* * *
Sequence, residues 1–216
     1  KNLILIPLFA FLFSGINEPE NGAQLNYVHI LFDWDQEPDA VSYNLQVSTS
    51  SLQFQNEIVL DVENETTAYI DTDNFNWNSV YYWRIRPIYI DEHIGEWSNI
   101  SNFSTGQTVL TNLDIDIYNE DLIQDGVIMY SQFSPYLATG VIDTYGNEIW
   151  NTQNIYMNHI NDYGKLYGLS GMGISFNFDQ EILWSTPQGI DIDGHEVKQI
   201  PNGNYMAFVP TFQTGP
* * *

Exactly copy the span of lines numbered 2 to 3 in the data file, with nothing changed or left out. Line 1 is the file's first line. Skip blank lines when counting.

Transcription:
     1  KNLILIPLFA FLFSGINEPE NGAQLNYVHI LFDWDQEPDA VSYNLQVSTS
    51  SLQFQNEIVL DVENETTAYI DTDNFNWNSV YYWRIRPIYI DEHIGEWSNI